These five foods will be in season in Ontario soon! Why does eating seasonally matter? The longer food takes to get from picking to eating, the more nutrients break down. These foods all come with their own nutritional benefits, and eaten during peak season means the nutrient content stays high. Read on for my top picks for Spring foods!
A food loaded with fibre and liver helping compounds. Asparagus also helps the body get rid of excess fluid and salt. It’s also high in Vitamin E, important for skin health and works as an antioxidant in the body. Asparagus can be lightly sautéed with some garlic and lemon, grilled, or added to whole wheat pastas.
Did you know cherries (tart ones specifically) have melatonin in them? This can help you sleep! Also due to their deep colour they’re loaded with antioxidants and help protect the body from free radicals. Enjoy them raw, in smoothies or on top of salads.
Spinach has iron, which keeps our energy levels up, and also has a decent amount of protein. The iron content is slightly lessened by phytic acid which inhibits iron absorption. However if spinach is cooked this reduces the acid. This green monster is also low in calories but high in fibre. Spinach can easily be hidden in smoothies, added to soups, or enjoyed raw in a salad.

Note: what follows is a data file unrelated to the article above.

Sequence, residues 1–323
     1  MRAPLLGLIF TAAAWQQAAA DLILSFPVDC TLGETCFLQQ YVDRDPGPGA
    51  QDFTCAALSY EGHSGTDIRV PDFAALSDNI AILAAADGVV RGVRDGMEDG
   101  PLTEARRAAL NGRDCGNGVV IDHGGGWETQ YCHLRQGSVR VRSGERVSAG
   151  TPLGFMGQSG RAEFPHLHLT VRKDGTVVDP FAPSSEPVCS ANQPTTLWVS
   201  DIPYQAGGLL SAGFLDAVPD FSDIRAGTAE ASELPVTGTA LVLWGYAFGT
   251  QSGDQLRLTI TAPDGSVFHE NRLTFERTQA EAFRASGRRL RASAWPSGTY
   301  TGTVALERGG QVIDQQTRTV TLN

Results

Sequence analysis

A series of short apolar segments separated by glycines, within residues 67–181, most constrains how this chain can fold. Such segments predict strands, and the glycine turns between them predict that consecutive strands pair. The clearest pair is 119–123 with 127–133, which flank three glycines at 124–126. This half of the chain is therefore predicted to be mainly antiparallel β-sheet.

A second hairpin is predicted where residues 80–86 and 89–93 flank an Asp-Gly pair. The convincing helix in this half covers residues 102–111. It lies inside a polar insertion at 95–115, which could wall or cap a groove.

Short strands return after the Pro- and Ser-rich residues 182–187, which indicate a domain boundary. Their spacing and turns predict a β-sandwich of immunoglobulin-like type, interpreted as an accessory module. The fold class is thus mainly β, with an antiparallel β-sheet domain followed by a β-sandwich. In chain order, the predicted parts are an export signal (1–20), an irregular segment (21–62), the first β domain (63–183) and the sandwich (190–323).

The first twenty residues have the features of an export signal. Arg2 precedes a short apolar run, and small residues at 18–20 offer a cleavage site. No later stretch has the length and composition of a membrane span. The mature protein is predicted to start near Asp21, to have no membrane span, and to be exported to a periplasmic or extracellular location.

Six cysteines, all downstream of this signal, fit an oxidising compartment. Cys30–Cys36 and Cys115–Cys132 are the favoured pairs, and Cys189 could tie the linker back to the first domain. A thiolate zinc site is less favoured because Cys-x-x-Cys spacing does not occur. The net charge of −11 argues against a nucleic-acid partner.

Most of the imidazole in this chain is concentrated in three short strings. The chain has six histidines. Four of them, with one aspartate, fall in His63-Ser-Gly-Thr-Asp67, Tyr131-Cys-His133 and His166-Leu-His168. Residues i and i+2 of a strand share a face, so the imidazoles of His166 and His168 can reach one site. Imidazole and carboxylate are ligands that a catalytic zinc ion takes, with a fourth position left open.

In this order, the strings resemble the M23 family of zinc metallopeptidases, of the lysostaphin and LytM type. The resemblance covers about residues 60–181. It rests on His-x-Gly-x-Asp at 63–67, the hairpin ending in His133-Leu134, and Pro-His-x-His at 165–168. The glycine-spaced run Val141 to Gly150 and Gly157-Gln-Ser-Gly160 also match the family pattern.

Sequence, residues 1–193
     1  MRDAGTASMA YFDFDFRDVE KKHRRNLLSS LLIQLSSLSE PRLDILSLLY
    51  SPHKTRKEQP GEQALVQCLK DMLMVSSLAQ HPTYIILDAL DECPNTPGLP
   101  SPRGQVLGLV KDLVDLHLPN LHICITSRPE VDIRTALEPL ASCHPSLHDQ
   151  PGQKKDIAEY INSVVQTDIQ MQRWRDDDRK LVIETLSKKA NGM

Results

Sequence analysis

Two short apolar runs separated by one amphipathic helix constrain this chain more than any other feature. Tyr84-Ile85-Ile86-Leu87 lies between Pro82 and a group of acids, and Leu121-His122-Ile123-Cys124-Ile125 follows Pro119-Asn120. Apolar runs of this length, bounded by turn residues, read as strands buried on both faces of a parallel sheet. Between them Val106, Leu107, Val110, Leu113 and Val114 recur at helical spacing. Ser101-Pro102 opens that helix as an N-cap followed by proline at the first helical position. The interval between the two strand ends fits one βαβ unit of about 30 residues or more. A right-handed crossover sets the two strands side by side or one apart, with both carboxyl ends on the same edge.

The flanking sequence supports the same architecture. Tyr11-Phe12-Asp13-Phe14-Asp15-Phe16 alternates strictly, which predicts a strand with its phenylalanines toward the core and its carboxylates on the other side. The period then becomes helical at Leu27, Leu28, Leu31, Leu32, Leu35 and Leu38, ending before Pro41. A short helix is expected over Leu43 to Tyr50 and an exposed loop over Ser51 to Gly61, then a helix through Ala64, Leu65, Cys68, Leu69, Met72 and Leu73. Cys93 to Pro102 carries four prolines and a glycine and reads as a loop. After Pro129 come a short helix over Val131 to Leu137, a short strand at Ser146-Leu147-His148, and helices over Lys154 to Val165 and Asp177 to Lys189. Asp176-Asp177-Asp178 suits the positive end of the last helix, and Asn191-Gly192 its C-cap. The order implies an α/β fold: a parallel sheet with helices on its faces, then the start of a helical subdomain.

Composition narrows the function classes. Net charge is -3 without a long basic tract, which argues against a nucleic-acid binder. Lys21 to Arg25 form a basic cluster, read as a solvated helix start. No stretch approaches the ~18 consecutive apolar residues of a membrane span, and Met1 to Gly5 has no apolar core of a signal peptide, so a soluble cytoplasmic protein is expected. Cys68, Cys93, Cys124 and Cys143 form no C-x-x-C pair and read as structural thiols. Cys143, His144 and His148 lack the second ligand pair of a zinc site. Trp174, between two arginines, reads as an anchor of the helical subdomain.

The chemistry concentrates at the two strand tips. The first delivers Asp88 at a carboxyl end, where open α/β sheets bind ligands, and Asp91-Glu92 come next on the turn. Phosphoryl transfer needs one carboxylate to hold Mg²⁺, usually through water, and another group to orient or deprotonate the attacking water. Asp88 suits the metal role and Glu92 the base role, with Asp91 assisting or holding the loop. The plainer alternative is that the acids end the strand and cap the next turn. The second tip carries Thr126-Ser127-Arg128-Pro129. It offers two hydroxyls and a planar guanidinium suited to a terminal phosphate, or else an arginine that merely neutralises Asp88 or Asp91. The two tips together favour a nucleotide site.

Peas are a great source of minerals such as zinc, manganese, calcium, iron, and copper. They also have phytonutrients and antioxidants that are anti-inflammatory and cancer preventing. Peas also provide omega-3 fatty acids in the form of alpha-linolenic acid (ALA), these help keep inflammation down in the body. These can be incorporated into soups, stews, or added to whole wheat pasta.
Fiddleheads are a fern that have a very narrow growing season in Ontario. They’re available in early Spring. One cup of fiddleheads has 22 calories and almost 3 grams of protein. They do need to be cooked to neutralize a possible toxin. I recommend washing thoroughly, boiling, and then lightly sautéing with some garlic.